Crazy Rich Asians' leading ladies reveal what it's like being an Asian woman in Hollywood

And playing women that don't need to be saved...

(Image credit: Sanja Bucko)

And playing women that don't need to be saved...

Crazy Rich Asians has just come to our screens, and unsurprisingly it is set to be the film of the year.

The strong female leads, the food porn (do not watch this film without snacks), the fashion (we’re talking Elie Saab, Dior, custom-made Michael Cinco and Carven Ong) and the many life lessons we can take away from it. But the film has of course become such a talking point because of the Asian representation (the first all-Asian cast in a major studio film in 25 years).

Junior Digital News Editor Jenny Proudfoot sat down with Crazy Rich Asians' leading ladies, Gemma Chan and Constance Wu, to talk high class couture, Asian representation, and why now is not the time for Crazy Rich Asians, it's long past due.

Constance Wu and Gemma Chan in Crazy Rich Asians. Credit: Warner Bros
(Image credit: Warner Bros)

Crazy Rich Asians is such a long time coming, why do you think it took so long?

Gemma: To be honest, I don’t know. It’s been 25 years since there’s been a mainstream Hollywood movie with an all Asian cast and yeah, it feels like the film is somewhat overdue. There was the belief that if you have a film with non-white leads, it won’t sell abroad or that it will only have a niche audience, but these things have just been proved untrue.

Constance: There hasn’t really been an evocative voice that demands attention rather than expresses gratitude for belonging until recently. You know, in Asian-American culture there is an assumption that you play by the rules. But then when you have a voice as evocative and provocative as we do here, it causes people to think differently - it causes conversation and we need to have more conversation. We live in countries where we can express and so we should express. That's what happened here. There were people who were willing to speak out and that started giving other people the confidence to express themselves, their views and their identities. And I think that when people see there is more than one voice out there with talent, that there are lots of different voices with talent out there, then they start paying attention.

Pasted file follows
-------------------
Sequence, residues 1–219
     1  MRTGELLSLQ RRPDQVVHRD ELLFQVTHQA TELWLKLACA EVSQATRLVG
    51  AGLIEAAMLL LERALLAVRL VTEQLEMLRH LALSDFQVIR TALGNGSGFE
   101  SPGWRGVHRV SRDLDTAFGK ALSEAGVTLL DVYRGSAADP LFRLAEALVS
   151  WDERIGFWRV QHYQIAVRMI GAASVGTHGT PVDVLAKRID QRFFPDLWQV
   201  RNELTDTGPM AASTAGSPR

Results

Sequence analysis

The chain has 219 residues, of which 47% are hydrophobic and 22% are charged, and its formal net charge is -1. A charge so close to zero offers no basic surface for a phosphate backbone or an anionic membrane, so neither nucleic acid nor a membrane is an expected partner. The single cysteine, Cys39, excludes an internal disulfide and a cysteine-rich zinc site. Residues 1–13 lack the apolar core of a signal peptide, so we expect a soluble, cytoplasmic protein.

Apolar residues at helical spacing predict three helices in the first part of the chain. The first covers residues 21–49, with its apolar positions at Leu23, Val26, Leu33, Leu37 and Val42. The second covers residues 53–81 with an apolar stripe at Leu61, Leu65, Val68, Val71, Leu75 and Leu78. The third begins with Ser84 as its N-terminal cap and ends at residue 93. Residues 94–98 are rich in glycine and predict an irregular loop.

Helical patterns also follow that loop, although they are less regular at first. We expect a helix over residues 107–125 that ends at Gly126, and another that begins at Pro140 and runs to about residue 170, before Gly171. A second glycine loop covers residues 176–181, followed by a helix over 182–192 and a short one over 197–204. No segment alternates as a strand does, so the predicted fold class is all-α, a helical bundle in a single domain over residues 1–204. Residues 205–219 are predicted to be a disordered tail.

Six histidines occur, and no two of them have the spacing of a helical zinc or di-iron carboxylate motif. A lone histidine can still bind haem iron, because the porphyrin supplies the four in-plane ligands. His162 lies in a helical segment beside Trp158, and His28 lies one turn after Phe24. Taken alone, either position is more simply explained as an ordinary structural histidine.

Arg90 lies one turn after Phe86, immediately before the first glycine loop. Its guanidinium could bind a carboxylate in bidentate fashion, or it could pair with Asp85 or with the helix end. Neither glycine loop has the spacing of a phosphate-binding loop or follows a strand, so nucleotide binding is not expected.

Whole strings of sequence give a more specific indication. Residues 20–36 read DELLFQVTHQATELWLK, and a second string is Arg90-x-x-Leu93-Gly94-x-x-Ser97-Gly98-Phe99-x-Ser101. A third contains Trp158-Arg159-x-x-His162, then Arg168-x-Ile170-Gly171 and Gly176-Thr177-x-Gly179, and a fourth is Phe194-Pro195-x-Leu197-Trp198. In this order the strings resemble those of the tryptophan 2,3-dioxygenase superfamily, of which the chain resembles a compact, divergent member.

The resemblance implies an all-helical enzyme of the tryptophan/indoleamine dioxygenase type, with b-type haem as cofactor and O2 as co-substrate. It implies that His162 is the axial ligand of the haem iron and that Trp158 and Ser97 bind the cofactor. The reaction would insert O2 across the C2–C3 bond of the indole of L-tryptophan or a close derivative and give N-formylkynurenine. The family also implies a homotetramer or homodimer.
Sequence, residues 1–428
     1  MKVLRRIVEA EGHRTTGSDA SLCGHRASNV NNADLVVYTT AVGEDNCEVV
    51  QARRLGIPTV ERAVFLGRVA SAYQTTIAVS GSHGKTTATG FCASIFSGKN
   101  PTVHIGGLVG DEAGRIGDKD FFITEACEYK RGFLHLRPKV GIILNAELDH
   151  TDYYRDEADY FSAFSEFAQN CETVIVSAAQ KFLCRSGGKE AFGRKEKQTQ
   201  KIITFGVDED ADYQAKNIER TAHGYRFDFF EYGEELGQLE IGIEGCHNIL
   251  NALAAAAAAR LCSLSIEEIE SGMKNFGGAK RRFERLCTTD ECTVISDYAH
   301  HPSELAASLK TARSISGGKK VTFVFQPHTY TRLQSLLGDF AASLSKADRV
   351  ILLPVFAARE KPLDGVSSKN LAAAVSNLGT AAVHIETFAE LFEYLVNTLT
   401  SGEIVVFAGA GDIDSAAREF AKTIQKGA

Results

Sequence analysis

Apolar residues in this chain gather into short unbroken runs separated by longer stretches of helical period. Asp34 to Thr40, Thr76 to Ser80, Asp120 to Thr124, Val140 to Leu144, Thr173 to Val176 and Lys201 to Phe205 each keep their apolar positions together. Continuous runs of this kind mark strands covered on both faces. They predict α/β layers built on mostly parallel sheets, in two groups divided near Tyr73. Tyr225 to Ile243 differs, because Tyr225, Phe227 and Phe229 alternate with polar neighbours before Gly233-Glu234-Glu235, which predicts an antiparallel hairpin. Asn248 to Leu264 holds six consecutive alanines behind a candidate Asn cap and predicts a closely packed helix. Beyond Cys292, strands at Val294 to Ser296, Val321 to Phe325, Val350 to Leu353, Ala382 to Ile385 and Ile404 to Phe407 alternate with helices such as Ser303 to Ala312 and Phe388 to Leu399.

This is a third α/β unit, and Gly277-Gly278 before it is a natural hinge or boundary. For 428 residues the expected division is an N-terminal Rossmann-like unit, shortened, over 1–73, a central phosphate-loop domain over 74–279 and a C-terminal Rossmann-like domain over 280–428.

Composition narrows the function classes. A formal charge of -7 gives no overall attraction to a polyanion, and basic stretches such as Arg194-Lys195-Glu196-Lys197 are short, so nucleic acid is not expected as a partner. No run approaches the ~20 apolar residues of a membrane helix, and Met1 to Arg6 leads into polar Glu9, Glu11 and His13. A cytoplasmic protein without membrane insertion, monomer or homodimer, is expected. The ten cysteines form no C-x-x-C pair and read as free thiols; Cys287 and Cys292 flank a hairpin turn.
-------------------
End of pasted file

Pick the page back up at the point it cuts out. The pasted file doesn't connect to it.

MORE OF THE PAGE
What initially drew you in?

Constance: It’s a number one lead in a studio movie, and despite definitely having Asian actors that are worthy of it, it hasn't really happened before. Sandra Oh for example is tremendous - and she should have been the star of her own movie ages ago, but she’s always been the number two or number three. She even said with Killing Eve when she read the script she just assumed that she was number two because it just doesn’t happen. Don't get me wrong - number two is great, number three is great, everybody who is a supporting cast member is fantastic and it’s awesome. But it’s when the industry expects a certain ethnicity to only do that and to just be grateful for that, that's when we have to ask for more.

Gemma: I think the conversation has really got going in earnest now and I hope Asian representation isn't just a trend – I don’t think we can go back and I think people are now going to demand diverse and authentic storytelling, because there is a want for it. It has been proven - people will show up. They will get a babysitter on a Friday night and they will pay their hard-earned money to go to the cinema to see movies like this.

© 2018 Warner Bros. Ent. All rights reserved
(Image credit: Sanja Bucko)

Did you expect it to be such a hit?